Via Verda (or “green way” in Spanish) is a mixed-income housing development in New York City; the name is a reference to its green roofs. Located in the South Bronx, approximately two thirds of the units are affordable for low-income households with the other third for middle-income. The site is just blocks from a subway station and is served by multiple bus routes. (Photo: Jules Antonio, Flickr)
Cities of all sizes are facing a shortage of housing for their poorest, most vulnerable residents. And a smaller set of booming cities are becoming completely unaffordable to even the middle class. To ensure enough attainable housing is built to satisfy demand, particularly as new transit service comes to an area and raises land values, such housing has to be planned for and spread out as much as possible.
We’ve all heard about the housing crisis plaguing different communities. Across the country, the supply of housing hasn’t kept up with demand and in some places, prices for even tiny apartments have become exorbitant. As more people move to urban areas and seek out a finite supply of walkable development, lower-income and middle-class households have been forced to the urban periphery to find reasonably priced places to live, work, and play.
Last month’s LOCUS Leadership Summit: Rebuild America’s Neighborhoods offered attendees a unique opportunity to gain insight into solving the nation’s attainable housing crisis. Featuring experts from the U.S. Department of Housing and Urban Development (HUD), the Natural Resources Defense Council, the Urban Land Conservancy, and Smart Growth America, “Best Practices: Zoning for Revitalization without Displacement” discussed how to ensure enough attainable housing is built to satisfy demand.
According to Harriet Tregoning, a former official in the Office of Community Planning at HUD, getting ahead of the curve and planning for affordable housing is key, especially as new transit service is expected to arrive.
“If you plan for success and it takes a few more years [for new development to arrive], the cost is pretty small,” she explained. However, if a locality misses this chance and doesn’t have the zoning in place that allows for the type of development a community needs and the density to support transit, “the results [are] devastating.”
Without an explicit commitment (financial and political) to affordable housing and commercial space up front, the opportunity can be lost. Pent-up market demand will drive up land prices which favor higher-end market rate apartments and condos and credit-worthy commercial tenants.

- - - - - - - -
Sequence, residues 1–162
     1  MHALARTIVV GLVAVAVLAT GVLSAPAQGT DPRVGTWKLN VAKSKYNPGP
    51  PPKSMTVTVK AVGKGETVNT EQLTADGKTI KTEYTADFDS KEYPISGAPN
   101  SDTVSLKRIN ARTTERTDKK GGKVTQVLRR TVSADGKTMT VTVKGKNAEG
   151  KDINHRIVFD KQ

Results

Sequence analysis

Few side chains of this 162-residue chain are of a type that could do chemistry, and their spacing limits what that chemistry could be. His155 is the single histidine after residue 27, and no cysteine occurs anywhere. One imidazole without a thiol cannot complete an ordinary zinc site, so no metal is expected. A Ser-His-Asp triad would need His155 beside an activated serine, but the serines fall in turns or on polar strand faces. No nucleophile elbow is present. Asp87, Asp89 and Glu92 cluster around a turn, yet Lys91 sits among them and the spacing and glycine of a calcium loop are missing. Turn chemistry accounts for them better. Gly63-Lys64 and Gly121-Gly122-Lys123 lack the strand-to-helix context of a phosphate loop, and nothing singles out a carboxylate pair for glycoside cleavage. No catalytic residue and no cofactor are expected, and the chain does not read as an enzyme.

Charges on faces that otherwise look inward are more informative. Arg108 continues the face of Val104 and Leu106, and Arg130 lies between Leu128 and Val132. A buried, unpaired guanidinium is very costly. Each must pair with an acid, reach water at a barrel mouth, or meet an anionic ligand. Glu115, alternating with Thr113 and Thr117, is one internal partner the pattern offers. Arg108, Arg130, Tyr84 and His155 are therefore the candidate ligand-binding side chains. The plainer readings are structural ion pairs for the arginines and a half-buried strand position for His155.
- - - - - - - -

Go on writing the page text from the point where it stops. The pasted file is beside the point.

It’s not just about the quantity, though. The location is equally important. Tregoning talked about how developers will often push back on requirements for affordable housing in expensive neighborhoods. In lieu of meeting those requirements in the more desirable or transit-accessible neighborhood, they may ask if they can build affordable housing in a nearby (and cheaper) area instead. The developer might even promise more affordable units at the alternate location than originally planned or required in the original project. That might make sense until, as a result, all affordable housing is concentrated in the same few areas. Majora Carter, the Summit keynote, spoke more about why concentrating affordable housing and poverty is so problematic.
Inventory, estimate, and integrate
As more and more cities expand and build new light rail lines and other high-capacity transit services, they should be thinking about attainable housing and affordable commercial space strategies from the beginning. It can be really hard to dig yourself out of a housing affordability problem, which is why baking it into their plans for transit-oriented development around stations is so important. Assume that your efforts will be successful before you ever get started.
The first step to handling the problem is understanding where you’re at, i.e. an inventory of affordable housing, as Chris Zimmerman, vice president for economic development at Smart Growth America explained. In such an inventory, it is important to distinguish between legally rent-controlled or otherwise subsidized housing and market-rate housing supporting lower-income renters that is simply affordable in the current market. It’s the latter, market-rate affordable housing, that is most at risk of disappearing as prices go up, in turn displacing residents.
How much prices will rise and the impact that will have on housing costs and displacement can be estimated with modeling. Using historic home prices and the impact of transit investments elsewhere in the region is one way to arrive at such an estimate. Once you know more about the existing housing stock and have an idea of the changes in store, you can begin to set goals and targets and integrate those into land use plans and development implementation.
Zoning is an important part of the equation and can remove a lot of barriers to building affordable housing. But zoning is just one of many tools that can be used to encourage (or mandate) the construction of affordable housing and ensure that that housing is dispersed.
With the right zoning, planning, incentives, and a proactive approach, it’s possible to not only preserve the existing amount of affordable housing in an area that may be ripe for gentrification (and thus help prevent displacement) but even expand the amount of affordable housing.